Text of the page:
The gaiwan is also known as a sancai bei (cup). Sancai means the heavens, the earth, and people. The lid on top represents the heavens, the saucer underneath represents the earth, and the cup in the middle represents people. A simple set of tea vessels does well representing the core of ancient Chinese philosophy, the indivisible connection between the heavens, the earth, and humankind.
Huang Da Cha
$8.00 – $28.00
Dry Leaf: Chocolatey, Field berries
Liquor Colour: Light amber
Liquor Aroma: Hints of chocolate, some fruitiness
Flavor: Seaside meadow, chocolatey, aftersweet
Mouthfeel: Clean, refreshing
This tea delivers a brisk and refreshing yellow tea experience with a delicious ‘after sweet’ (hui gan) reminiscent of strawberries. The dry leaf aroma is at first chocolatey but with hints of field berries that foreshadow the coming tasting experience. Our light first infusion was brisk and had a quick and gentle strawberry after sweet. The following infusions were more lively with an opening flavor of seaside meadows that melted into hints of chocolate aroma with cleansing after sweet that made the whole sip from start to finish just delightful.
- Additional information
The gaiwan is used for brewing tea. It can be used as a brewing vessel, where the brewed tea is divided into different cups for sipping. Or it can be used to brew and sip the tea directly from the gaiwan.
There are many types of gaiwan, such as porcelain, zisha clay, glass. Porcelain gaiwans are the most common.
When selecting a gaiwan, consider the curve of the top edge of the gaiwan, the more curved the easier to hold and less chance to get burned when brewing.
A porcelain gaiwan is a good, versatile choice.
- Warmup the gaiwan: the left-hand holds the lower part of the filled gaiwan, right hand hold the gaiwan lid, rotate the gaiwan counterclockwise to circulate the hot water. Then lift the lid, and pour the water over the inside of the lid, while rotating it.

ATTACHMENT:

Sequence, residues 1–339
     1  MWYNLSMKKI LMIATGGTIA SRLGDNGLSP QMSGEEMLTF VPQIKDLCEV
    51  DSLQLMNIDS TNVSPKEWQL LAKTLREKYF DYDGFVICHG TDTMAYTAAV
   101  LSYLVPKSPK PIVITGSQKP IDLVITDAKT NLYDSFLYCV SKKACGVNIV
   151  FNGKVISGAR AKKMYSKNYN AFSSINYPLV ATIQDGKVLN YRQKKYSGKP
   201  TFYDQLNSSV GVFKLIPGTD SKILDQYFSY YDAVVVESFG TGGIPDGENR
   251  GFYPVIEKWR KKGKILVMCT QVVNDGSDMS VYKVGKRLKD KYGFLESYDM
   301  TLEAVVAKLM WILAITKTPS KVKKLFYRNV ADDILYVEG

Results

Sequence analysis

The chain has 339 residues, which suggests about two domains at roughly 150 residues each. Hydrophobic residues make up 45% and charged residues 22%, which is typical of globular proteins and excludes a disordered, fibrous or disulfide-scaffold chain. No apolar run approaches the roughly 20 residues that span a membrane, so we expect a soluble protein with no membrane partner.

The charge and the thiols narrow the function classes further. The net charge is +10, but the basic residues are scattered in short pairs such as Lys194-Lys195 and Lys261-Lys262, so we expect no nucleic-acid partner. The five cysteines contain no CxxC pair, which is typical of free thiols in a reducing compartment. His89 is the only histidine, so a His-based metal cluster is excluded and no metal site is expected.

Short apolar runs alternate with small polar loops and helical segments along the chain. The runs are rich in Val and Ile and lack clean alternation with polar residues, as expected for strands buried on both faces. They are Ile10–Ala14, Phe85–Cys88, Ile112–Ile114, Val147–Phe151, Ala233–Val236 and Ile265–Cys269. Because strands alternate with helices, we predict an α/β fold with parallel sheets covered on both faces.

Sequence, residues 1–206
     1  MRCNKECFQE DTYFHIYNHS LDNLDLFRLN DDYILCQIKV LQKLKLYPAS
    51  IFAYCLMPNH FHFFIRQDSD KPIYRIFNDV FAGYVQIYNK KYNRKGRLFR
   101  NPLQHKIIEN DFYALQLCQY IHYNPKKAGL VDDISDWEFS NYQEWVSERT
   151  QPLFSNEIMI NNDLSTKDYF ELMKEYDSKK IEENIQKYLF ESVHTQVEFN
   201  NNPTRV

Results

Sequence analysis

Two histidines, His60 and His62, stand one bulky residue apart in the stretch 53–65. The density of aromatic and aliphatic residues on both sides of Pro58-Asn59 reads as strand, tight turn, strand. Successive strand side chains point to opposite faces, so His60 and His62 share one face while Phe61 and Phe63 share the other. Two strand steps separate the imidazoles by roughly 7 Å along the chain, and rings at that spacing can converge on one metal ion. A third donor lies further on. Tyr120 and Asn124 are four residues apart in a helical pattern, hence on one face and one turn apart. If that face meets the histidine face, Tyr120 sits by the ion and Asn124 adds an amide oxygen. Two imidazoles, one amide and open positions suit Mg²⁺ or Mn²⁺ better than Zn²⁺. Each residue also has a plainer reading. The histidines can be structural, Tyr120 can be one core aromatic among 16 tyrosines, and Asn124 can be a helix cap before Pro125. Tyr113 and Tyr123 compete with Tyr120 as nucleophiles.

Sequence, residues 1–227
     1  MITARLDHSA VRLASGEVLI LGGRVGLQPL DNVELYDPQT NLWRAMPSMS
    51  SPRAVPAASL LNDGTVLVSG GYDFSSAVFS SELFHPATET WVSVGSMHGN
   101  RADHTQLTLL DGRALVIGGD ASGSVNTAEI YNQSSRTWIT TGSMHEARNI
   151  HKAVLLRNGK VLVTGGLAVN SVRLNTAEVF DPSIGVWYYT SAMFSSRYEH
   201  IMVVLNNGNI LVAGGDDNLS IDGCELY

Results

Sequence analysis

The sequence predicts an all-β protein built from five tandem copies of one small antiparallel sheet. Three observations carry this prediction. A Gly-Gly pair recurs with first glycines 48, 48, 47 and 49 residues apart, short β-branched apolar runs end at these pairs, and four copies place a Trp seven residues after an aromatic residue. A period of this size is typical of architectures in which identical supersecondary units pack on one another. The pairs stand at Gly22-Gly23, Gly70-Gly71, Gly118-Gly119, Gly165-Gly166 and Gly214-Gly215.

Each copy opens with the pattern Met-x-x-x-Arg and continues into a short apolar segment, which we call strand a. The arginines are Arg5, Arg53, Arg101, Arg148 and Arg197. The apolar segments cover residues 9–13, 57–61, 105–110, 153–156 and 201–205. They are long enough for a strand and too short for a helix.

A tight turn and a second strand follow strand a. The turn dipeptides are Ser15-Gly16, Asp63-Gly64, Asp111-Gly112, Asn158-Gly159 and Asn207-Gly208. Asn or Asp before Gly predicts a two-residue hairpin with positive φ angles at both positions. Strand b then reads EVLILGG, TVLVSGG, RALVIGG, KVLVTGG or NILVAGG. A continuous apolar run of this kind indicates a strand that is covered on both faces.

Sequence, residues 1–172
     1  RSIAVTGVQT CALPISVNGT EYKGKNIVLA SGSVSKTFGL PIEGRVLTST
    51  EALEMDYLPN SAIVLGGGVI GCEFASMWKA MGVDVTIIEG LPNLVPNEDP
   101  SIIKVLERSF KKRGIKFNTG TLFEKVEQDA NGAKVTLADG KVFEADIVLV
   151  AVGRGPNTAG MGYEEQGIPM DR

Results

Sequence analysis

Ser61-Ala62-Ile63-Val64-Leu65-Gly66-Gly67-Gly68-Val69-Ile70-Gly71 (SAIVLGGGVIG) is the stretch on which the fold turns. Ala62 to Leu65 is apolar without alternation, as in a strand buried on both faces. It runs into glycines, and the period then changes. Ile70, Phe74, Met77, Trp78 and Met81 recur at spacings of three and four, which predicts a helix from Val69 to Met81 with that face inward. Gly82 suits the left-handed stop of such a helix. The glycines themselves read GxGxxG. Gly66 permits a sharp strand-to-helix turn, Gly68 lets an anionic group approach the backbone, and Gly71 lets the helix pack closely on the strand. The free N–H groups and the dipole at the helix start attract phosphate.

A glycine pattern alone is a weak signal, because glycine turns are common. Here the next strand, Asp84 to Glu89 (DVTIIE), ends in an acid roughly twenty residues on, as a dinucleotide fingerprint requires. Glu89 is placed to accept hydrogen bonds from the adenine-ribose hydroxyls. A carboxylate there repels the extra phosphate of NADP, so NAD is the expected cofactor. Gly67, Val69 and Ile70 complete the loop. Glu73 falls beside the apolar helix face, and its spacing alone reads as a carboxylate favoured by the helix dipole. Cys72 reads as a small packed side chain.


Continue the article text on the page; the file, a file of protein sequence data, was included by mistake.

- Drinking from the gaiwan: using the gaiwan lid to clear the floating tea leaves, then drink from it.
The tea filter is also called a strainer. Though a small part of the tea brewing experience, it’s actually very useful.
It is placed on top of the serving pot when pouring in the brewed tea. It helps filter out tea leaves.
Filters are made of different materials, such as stainless steel, porcelain, pottery, bamboo, wood, gourd, etc. The filter mesh can be made with stainless, cotton, or polyester mesh.
After the tea session, be sure to clean the filter in a timely fashion.
Also known as a tea cloth.
It’s used to wipe the water or tea, especially the sides and bottom of the teapot, sharing pot and tasting cups.
Mainly cotton, linen, etc.
The primary rule the tea towel should have good absorption.
- How to fold. There are two ways to fold a tea towel:
- divide the towel into 3 parts, fold inward respectively. Then divided into 4 parts, and repeat the fold; or
- divide the towel into 3 parts, fold inward respectively, then divide into 3 parts, and repeat the fold.
- The tea towel is only used to wipe tea vessels, and only the outside of tea brewing and drinking vessels. It cannot be used to clean water or dirt from the tea table, or surrounding areas.